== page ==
Why Violence in Tibet Is Getting Worse

Activists are burning themselves alive, but the Chinese government seems unable to change policies.

Tibet Feb27 p.jpg

Tibetan Buddhist nun Palden Choetso burns on the street in Daofu, or Tawu in Tibetan, in this still image taken from video / Reuters

Earlier this week a Tibetan monk became at least the 22nd person in the past year to commit self-immolation in protest at the Chinese government's rule in Tibet. Robert Barnett, Director of the Modern Tibet Studies Program at Columbia University, says this is a new type of political protest for Tibetans, one that looks like it may become an ongoing form of dissent if the Chinese government does not change some of its policies in the region.

Asia Blog spoke to Barnett by telephone.

Why are monks and nuns deciding to use this particular form of protest against the Chinese government?

The reasons why they have chosen this method of protest are not exactly clear. People inside Tibet, especially in rural areas, are sometimes able to get radio news in Tibetan from outside sources such as Voice of America and Radio Free Asia, but probably know little if anything about the Tunisian self-immolation last year, let alone the Vietnamese self-immolations 50 years ago. But they would have heard about the demonstrations that lead to the Arab Spring, and this might have encouraged people in a general way to see popular protest as a way to bring about change.

But they may be choosing this method of protest because in the previous cycle of unrest in Tibet in 2008, when there were about 150 street demonstrations by very large groups, about 20 of those incidents spiraled down into chaos and violence. The violence had allowed the Chinese government to avoid addressing the underlying issues and complaints of the protestors, and self-immolation may be seen as a way to avoid the downside of traditional large-scale street protests: it sends a message to the government in a way that the protestors hope will not be easy to brush aside because it does not do damage to other people or to property, and does not involve unrest.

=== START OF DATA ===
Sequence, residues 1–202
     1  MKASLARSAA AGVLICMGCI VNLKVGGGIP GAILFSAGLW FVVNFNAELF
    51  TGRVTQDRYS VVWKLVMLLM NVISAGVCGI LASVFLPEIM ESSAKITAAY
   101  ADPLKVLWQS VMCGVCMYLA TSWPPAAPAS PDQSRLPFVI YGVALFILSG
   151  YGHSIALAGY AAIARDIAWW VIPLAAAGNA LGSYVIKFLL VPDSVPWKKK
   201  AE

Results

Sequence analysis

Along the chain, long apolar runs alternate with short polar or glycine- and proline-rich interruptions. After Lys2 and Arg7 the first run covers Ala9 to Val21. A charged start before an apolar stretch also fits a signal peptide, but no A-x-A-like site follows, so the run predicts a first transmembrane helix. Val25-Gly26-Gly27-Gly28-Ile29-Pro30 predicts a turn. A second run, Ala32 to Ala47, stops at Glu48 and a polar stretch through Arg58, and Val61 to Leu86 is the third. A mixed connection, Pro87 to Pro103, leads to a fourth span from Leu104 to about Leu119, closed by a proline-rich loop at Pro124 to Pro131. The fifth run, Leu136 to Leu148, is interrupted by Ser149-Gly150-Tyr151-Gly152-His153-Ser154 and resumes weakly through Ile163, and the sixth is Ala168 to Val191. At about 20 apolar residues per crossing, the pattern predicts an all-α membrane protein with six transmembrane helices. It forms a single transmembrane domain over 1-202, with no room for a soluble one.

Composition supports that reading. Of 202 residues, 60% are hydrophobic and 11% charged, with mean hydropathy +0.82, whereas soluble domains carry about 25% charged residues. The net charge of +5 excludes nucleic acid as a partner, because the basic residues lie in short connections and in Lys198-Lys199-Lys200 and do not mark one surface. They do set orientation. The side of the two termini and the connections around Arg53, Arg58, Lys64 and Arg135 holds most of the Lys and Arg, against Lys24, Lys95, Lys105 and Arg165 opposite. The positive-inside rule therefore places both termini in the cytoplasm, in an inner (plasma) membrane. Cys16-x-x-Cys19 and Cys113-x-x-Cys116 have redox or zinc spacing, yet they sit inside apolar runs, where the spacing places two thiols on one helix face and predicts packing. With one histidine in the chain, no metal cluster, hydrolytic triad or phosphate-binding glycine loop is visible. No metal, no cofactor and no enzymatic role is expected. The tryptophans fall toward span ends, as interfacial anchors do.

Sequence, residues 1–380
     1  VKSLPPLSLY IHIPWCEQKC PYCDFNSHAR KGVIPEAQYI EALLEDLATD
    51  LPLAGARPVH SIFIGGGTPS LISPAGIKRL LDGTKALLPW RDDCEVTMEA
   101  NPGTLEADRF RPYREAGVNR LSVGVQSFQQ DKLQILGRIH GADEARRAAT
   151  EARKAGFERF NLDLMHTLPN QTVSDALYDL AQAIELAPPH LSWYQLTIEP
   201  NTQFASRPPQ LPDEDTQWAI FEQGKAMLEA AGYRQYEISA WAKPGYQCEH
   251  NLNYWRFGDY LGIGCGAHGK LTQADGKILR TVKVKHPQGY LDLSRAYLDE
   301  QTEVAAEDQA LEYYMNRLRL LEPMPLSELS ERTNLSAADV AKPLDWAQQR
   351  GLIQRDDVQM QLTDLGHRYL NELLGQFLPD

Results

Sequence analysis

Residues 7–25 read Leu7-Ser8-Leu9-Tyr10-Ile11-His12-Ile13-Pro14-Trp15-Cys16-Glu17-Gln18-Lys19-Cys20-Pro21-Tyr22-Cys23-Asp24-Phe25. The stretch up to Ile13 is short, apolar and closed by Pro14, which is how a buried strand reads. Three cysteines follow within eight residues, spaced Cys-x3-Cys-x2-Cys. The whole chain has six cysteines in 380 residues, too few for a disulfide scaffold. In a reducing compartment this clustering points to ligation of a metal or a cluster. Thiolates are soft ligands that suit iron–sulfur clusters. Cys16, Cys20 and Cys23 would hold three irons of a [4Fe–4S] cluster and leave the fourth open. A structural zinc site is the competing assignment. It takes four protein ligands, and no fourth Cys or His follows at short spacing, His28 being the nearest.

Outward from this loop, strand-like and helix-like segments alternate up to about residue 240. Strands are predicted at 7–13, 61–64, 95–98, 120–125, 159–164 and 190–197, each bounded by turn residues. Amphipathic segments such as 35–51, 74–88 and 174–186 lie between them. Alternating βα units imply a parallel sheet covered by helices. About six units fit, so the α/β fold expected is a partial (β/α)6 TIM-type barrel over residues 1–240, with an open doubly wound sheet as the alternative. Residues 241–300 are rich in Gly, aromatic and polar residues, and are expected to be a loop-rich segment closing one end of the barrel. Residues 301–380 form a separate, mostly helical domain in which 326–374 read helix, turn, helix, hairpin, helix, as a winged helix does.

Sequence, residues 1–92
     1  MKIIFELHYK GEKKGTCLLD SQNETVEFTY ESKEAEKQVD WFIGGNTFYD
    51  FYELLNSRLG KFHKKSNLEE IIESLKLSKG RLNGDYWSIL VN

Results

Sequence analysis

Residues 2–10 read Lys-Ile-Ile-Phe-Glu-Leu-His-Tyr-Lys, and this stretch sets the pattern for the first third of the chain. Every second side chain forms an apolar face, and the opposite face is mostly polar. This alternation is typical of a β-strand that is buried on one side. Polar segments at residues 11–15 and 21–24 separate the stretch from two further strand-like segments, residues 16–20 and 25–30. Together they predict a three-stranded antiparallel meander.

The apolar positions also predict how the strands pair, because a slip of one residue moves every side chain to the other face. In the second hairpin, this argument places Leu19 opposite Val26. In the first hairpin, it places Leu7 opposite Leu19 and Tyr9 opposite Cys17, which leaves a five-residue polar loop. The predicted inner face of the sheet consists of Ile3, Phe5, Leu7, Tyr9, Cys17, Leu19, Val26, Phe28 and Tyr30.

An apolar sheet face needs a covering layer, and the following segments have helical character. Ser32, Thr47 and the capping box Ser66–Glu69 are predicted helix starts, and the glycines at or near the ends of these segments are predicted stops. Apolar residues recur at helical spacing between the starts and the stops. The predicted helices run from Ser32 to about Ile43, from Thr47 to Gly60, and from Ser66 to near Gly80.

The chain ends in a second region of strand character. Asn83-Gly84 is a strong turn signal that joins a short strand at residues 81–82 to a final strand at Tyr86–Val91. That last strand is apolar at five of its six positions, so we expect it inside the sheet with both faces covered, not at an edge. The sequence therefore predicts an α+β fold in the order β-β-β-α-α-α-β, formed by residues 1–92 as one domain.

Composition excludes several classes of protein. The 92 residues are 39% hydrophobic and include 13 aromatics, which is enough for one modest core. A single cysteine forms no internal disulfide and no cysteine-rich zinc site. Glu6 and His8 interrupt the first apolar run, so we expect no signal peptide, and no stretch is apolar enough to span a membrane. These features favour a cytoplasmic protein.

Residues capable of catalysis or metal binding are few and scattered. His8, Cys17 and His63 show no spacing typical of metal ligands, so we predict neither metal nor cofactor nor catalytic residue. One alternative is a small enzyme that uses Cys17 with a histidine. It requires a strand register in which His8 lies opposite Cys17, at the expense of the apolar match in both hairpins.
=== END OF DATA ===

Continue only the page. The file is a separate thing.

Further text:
The protests call in general for "freedom" and for the Dalai Lama to be allowed to return to Tibet. They seem to have been triggered by a dramatic turn in policy in 1994, when the Chinese state decided to focus above all on attacking the Dalai Lama by forcing monks and nuns to denounce him and greatly increasing regulations concerning monasteries and religion. This policy was first implemented in the Tibet Autonomous Region, which is the western half of the Tibetan plateau around Lhasa, but in the last 10 years it has been gradually imposed, monastery by monastery, across the eastern half of the plateau, where most Tibetans live and where the current protests are taking place. It includes re-education programs in the monasteries, bans on worship of the Dalai Lama, downgrading of the role of Tibetan language in schools, encouragement of migration into Tibetan areas, and other restrictions. No-one knows why they decided to extend this policy to the eastern Tibetan areas, since until then they had been quite relaxed and peaceful since the late 1970s.

Is there any tradition to this particular kind of protest in Buddhist culture?

The Chinese press has been arguing that these protests violate Buddhist principles and rules, but in fact they resonate strongly with Buddhist tradition. Suicide is shunned in Buddhism if carried out for personal reasons, but self-sacrifice for a noble cause is highly regarded. There are many stories about the Buddha doing this in former lives, most famously one in which he sacrifices himself by giving his body to a dying tigress so she can feed her cubs. So an act that is done for the good of the community is considered noble, and especially so if it is done by a member of the clergy.

It is because these acts have been done by monks, nuns or former monks, that it has been so hard for the Chinese government to discredit the protestors -- it would be very different if lay people had been involved. The government had almost total success in discrediting five Chinese people, said by the government to be adherents of the Falun Gong sect, who staged a mass self-immolation in Beijing in 2001: the event was presented as proof that these people had been brainwashed and manipulated by the Falun Gong. But despite some tentative attempts by the Chinese press to do this with the Tibetan monks and nuns, these efforts have failed, largely because they are so widely respected within the Tibetan community.

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Alex Ortolani is Asia Society’s Senior Media and Content Officer.

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